In mold avoidance, you are also trying to avoid the toxins that are made by some species of molds. So washing machines and dryers and particularly the ones in laundromats are dangerous because of cross contamination from other people's clothing.

    Hand washing and line drying are ideal. If you can't do that, a top loading washing machine might be okay if it hasn't had anyone's contaminated clothing in it recently. What people who are sensitized do is they stick their heads in the washing machine opening and breathe in and see if they feel sick.

    Dryers are usually more contaminated with mold toxins than washers, so that's why line drying is preferred if possible. Sticking your head in the opening of a dryer can be very unpleasant, but it's the only way to tell if it is going to be toxic. I wish I had some better advice for you.

    Personally, I avoid laundromats. And the laundry rooms at campgrounds. They're usually so full of mold toxins. But in your situation, you may have to make some compromises in order to have clean clothes at all.

    If some of your new clothing gets exposed to a bad building briefly, there is a good chance the toxins will wash out. Occasionally there can be a building that has toxins that are so bad that it wrecks the item of clothing. In that case, washing doesn't help. You will have to see how it goes for you and how you feel wearing the exposed, washed clothes.

    I hope that things go well for you on your desert trip! At least out there it should be dry enough to line dry clothes!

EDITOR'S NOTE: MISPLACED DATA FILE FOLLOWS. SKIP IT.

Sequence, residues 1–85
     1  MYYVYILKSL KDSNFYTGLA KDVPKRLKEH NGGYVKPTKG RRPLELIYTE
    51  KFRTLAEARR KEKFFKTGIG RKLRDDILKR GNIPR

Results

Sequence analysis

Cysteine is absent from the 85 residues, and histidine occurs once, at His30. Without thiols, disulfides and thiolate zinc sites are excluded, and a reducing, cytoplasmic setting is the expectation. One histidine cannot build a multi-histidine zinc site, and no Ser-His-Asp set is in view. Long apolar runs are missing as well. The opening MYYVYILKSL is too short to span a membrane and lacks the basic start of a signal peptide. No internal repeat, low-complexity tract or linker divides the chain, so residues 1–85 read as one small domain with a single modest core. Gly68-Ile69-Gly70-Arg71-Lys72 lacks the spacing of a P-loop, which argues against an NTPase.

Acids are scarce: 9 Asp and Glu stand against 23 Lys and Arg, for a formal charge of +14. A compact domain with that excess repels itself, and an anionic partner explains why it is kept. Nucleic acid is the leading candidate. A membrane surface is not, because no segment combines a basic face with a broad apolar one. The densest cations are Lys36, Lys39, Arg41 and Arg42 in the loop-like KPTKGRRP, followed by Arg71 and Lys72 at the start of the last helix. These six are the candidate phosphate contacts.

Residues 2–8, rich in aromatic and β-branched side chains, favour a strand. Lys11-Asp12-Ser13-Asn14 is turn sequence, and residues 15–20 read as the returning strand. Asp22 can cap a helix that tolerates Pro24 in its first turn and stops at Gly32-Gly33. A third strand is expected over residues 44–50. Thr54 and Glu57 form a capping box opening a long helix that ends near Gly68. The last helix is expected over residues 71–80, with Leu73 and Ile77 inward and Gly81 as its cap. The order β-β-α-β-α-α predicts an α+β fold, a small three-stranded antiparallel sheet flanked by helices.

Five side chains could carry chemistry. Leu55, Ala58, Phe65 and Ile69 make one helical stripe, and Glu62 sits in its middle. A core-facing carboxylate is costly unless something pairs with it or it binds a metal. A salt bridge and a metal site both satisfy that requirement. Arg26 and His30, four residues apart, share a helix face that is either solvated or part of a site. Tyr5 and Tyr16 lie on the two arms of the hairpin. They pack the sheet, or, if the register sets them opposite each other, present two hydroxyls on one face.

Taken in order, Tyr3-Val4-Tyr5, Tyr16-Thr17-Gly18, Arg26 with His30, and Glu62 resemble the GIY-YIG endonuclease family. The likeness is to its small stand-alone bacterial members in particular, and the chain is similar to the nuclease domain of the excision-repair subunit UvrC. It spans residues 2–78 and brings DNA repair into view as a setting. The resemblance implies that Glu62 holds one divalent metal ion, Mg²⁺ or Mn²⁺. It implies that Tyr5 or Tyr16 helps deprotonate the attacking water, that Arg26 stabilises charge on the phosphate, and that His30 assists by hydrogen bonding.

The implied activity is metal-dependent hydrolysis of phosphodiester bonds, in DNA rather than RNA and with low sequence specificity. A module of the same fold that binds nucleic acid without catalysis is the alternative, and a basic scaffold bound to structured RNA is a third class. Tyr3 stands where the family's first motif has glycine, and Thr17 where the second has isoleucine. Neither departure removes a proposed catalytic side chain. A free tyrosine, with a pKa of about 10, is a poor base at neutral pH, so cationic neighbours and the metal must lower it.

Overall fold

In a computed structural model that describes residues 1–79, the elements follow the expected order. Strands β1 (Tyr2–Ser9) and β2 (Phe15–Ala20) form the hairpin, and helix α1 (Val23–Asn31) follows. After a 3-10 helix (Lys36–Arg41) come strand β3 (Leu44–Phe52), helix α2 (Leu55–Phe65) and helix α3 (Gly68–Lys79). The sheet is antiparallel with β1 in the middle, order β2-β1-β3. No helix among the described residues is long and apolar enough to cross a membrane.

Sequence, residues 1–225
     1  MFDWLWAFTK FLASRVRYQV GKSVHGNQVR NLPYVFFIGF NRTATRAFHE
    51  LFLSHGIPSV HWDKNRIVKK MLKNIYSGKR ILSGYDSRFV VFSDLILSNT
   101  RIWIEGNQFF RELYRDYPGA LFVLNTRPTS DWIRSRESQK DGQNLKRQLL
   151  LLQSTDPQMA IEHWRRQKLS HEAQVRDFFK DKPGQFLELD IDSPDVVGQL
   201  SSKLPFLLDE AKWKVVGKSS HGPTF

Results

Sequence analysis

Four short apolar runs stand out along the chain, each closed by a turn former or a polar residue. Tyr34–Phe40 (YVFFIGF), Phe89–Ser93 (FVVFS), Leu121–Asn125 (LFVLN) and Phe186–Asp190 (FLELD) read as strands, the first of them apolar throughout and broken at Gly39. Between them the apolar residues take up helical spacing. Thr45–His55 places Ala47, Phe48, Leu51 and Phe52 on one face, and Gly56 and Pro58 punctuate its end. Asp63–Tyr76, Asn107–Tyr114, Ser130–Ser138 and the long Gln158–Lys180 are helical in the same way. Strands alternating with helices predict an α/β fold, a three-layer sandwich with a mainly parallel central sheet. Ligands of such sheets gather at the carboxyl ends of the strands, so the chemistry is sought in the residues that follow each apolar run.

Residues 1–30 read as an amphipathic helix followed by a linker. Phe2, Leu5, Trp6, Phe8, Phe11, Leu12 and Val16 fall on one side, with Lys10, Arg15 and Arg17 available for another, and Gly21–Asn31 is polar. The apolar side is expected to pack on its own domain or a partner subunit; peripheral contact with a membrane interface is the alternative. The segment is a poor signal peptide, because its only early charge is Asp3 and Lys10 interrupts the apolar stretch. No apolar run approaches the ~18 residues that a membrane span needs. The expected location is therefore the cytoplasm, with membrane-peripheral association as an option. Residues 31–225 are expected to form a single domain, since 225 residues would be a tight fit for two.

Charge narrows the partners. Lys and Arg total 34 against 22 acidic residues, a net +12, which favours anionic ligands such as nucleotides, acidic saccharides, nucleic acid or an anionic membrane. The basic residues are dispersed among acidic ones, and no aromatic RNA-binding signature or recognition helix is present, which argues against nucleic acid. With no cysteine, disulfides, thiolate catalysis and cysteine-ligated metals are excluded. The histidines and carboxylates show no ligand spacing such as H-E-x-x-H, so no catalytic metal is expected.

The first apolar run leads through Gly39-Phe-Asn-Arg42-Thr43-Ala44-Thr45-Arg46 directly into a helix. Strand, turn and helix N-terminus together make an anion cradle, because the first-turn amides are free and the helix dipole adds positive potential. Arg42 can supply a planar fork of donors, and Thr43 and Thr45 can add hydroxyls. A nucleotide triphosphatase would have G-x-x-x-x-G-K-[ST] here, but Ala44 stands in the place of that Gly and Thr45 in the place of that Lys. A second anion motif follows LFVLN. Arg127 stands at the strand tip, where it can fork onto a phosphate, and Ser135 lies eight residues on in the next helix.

Forebearance
     
    leela likes this.
  8. Aerose91

    Aerose91 Senior Member

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    Thanks so much, that's pretty much what I was assuming. What about if you don't feel immediately sick though? That doesn't necessarily mean the place or fabric is are ok, right? I know most of these toxins have to taste or smell.
     
  9. Forebearance

    Forebearance Senior Member

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    It's very true that if you haven't been sensitized to mold toxins, you might not notice if a washer or dryer or building has toxins in it. Or it could take some time. That is why there is a learning curve on living this lifestyle.

    At first you just do your best and try not to buy anything expensive. Realize that any of your clothes or possessions may have to be thrown out because of mistakes. It's just normal.

    Also it helps to buy a tub to wash things in and a $10 garment rack from Target to dry things on. Many campgrounds don't allow clothes lines, but you can use the drying rack if you weight it down to keep it from blowing over. You can even dry a blanket on it.
     
  10. Aerose91

    Aerose91 Senior Member

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    Those are good ideas, Thank you. I got rid of all my stuff and got new things but I know that's not enough. It looks like we will have a few good days of weather coming up so I'm going to rehash everything by hand and hang it to dry. Hopefully some vinegar and borax will be sufficient and then I can pack everything up